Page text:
I was experiencing what those gorgeous Georgians would call ennui, only in this instance it’s a reading slump I’ve fallen into trying to get past the half-way mark of Judith Ivory’s The Proposition, when I decided to give the latter a rest and try reading Heiress for a change on Friday.
It turned out to be a good choice after all. Reading the synopsis, you would have dismissed this as nothing more than another contemporary fluff, something of a spoof of the reality TV show, The Simple Life.
But this is a truly surprising find for me. It was a hilarious, laugh-a-minute great read, perfect for that entertaining break between period and serious literature that I badly needed to recharge myself on my reading journey. [Not to mention the TBR challenge].
Her play of words and cliches as well as references to current icons of pop culture were right on the dot. She had me laughing from beginning to end. Try this for the opening sentence:
There were some things money couldn’t buy. For everything else, there was her
and this punch line for the ending sentence of the book:
Sharing her life with the people she loved? Priceless.
I haven’t read many authors who has taken on MasterCard’s famous tagline and made it very humourously her own. This romantic comedy is funny and engaging with its timeless theme of opposites attract and finding love in the most unexpected places and time.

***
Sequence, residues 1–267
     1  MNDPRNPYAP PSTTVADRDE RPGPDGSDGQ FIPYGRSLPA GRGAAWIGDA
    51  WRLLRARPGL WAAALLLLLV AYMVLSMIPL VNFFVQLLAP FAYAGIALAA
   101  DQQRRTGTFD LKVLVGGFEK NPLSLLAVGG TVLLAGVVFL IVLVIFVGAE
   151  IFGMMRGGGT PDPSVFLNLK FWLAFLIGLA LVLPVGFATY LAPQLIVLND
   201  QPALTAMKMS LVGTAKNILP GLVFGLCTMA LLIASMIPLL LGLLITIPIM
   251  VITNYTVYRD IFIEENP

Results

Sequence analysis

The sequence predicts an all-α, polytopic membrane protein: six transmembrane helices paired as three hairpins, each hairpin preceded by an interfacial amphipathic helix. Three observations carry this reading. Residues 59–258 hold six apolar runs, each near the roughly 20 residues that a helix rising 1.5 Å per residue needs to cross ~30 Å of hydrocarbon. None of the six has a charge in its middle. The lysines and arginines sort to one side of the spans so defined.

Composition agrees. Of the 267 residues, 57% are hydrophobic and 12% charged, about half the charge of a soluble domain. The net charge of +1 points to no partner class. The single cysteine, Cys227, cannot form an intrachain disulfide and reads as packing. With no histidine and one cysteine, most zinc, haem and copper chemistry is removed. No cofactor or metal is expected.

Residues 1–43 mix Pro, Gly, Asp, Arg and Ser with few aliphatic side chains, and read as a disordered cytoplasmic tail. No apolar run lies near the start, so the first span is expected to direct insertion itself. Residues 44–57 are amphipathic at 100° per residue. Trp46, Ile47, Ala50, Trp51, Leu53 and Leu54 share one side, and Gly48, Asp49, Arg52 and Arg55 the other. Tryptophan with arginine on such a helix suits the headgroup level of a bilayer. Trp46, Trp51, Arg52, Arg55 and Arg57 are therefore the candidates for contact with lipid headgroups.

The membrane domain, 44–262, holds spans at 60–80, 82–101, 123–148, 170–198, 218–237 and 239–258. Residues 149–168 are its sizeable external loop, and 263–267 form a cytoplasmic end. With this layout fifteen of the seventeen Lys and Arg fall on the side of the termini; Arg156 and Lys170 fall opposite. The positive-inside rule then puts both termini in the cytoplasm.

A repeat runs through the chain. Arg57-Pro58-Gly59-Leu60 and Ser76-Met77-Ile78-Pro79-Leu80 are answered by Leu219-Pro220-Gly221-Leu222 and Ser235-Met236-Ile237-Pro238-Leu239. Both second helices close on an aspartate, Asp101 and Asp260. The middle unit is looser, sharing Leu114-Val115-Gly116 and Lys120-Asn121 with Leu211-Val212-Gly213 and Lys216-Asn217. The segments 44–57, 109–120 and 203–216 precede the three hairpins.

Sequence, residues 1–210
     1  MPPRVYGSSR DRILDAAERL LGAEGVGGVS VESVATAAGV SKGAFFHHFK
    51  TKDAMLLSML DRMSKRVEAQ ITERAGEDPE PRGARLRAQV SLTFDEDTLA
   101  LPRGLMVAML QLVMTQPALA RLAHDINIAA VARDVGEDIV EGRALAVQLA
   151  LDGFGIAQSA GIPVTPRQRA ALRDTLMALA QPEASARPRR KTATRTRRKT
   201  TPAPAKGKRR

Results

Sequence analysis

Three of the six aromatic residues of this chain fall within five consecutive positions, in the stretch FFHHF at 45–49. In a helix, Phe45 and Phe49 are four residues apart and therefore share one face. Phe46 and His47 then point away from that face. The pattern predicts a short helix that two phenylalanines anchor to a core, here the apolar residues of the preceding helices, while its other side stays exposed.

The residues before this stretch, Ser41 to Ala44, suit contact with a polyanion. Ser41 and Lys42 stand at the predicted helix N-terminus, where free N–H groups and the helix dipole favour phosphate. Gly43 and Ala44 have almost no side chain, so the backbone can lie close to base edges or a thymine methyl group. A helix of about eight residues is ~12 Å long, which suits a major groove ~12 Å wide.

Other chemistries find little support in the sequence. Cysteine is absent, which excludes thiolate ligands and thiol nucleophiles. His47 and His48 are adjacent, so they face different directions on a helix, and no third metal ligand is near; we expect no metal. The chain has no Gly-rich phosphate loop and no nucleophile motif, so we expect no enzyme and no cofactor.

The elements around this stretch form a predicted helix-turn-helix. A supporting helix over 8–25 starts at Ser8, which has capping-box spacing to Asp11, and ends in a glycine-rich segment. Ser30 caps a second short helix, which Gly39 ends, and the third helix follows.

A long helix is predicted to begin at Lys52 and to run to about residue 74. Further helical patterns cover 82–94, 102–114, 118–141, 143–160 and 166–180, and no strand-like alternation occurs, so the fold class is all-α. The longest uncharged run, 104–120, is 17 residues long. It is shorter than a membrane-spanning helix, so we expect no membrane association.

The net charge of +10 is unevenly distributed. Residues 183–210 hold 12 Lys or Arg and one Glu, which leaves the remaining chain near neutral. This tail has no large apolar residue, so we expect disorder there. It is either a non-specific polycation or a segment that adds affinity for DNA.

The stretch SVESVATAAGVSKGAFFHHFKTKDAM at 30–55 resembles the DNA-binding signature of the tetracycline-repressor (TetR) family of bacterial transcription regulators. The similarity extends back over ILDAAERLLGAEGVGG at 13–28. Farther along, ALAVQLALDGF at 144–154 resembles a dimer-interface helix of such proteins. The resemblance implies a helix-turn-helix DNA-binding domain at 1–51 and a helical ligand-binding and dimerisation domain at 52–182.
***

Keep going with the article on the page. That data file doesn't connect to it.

McCarthy has also created main characters who may appear stereotypes of their upbringing, but she has also given them layers and insecurities that the current generation of readers can relate to. Their hang-ups about their attractiveness to the opposite sex, competency as a parent (on the hero Danny’s part) and being worthy of love make them less than perfect, but realistic, really likeablee people.
This was what worked for me in this book. I couldn’t put it down! Started it in the evening and finished it before midnight, taking only time out for meals, bedtime tuck-in for the kids and toilet breaks. A feat in itself that was only made possible because it was a public holiday.
Reading the author’s journal where she tells of the inspiration behind her novella, Lady of the Lake, which is part of the anthology, When Good Things Happen to Bad Boys, I’m already very intrigued by the plot and likely to pick it up just to see where the bikini mishap takes Violet and Dylan.
So, if you’re sorely in need of some laughter, with a tiny bit of tacky humour thrown in, I’d recommend this for the sheer entertainment it’ll bring.
But now, I’ve to return to some serious pondering of The Proposition and the classic romance and high adventure to be had in The Princess Bride.